Russian masterpieces on display OUTSIDE Russia (PICS)

Russian works of fine art, icons and jewelry found their way abroad in various ways: they were collected by museums and private individuals, exported by emigrants and even sold by the Soviet government. In the post-revolutionary years, many artists also found their way out of the country, so masterpieces of Russian avant-garde also spread all over the world.

1. The 13th century ‘Our Lady of Kursk’iconCathedral of the Sign, New York, United States

This wonderworking icon left Russia in 1920. It was taken by priests who fled from the Bolsheviks during the Civil War. For a long time, it was kept in Belgrade, but, since 1950, its home has been in New York in the main cathedral of the Russian Orthodox Church Outside of Russia.

Read more about the icon’s journey here

2. Ivan Aivazovsky. Self-portrait, 1874Uffizi Gallery, Florence, Italy

Few Russian artists have had the honor of being represented in the gallery that houses the masters of the Renaissance. In 1873, the Uffizi hosted an exhibition of paintings by Russia’s main marine artist. The gallery had an old tradition of commissioning self-portraits of prominent artists, and Aivazovsky received such an offer. He depicted himself against the background of a stormy sky.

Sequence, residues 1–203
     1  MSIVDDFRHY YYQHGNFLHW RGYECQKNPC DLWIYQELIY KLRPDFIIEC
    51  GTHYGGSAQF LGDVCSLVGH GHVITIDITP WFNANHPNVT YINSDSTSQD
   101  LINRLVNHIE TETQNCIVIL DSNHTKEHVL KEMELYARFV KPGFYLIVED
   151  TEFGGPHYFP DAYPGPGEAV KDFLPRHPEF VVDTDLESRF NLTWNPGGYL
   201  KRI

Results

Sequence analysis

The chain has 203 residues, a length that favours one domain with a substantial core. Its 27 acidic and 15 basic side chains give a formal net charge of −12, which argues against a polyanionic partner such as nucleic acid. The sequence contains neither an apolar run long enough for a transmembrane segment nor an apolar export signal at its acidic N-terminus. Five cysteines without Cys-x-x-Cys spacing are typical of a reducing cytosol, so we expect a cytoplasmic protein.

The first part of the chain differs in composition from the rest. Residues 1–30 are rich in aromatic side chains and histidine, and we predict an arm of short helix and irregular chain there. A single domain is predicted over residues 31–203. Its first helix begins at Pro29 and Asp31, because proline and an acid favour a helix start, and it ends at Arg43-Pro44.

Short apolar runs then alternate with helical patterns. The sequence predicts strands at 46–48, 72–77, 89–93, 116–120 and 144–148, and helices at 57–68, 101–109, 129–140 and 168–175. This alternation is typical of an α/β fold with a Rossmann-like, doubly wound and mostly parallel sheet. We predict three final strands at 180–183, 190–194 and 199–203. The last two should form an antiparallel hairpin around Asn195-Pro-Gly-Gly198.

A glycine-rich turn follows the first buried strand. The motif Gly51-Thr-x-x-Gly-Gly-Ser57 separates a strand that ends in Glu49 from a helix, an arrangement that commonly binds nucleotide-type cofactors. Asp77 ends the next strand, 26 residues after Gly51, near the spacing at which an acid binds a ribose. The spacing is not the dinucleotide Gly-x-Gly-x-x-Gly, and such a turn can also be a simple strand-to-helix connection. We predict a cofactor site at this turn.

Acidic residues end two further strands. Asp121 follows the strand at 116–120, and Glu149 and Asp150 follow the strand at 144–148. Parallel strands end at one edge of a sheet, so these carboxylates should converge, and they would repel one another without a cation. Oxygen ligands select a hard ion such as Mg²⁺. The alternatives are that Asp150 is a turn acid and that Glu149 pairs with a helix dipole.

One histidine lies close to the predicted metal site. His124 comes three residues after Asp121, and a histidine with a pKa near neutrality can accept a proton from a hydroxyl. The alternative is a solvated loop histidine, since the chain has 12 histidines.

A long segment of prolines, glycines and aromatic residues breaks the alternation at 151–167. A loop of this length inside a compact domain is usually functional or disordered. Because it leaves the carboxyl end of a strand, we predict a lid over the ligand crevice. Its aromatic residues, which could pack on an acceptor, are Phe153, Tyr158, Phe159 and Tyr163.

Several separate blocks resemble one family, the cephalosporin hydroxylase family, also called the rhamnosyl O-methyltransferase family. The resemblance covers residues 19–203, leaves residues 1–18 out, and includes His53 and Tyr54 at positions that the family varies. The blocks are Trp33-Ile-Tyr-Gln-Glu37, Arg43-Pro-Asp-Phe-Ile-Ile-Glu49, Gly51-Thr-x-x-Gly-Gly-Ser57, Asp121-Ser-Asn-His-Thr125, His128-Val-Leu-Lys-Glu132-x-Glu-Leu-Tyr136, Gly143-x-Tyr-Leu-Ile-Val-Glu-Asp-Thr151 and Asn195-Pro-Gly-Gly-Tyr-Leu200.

3. 'Basket of flowers' (1901) & 'The Mosaic' (1914)Faberge eggsThe Royal Collection, London, UK

'Basket of flowers' (1901) Faberge egg

The British Royal Collection contains many items of Russian art, including icons, paintings and portraits, graphics, malachite vases from Peterhof and many others.

'The Mosaic' (1914) Faberge egg

Among them are two Easter eggs, which Nicholas II ordered from the famous Faberge firm for his wife Alexandra Feodorovna.

4. Ilya Repin. Self-Portrait, 1915 — National Gallery, Prague, Czech Republic

In 1900, an exhibition of the Russian Society for Itinerant Art was held in Prague (the only one ever held abroad; read more about them here). At this exhibition, the public also got acquainted with Repin's works. After the revolution, Prague became one of the centers of Russian emigration. Exhibitions of the artist-realist are often heldthere and this portrait is in the collection of the National Gallery. For a long time, however, it lay in storerooms.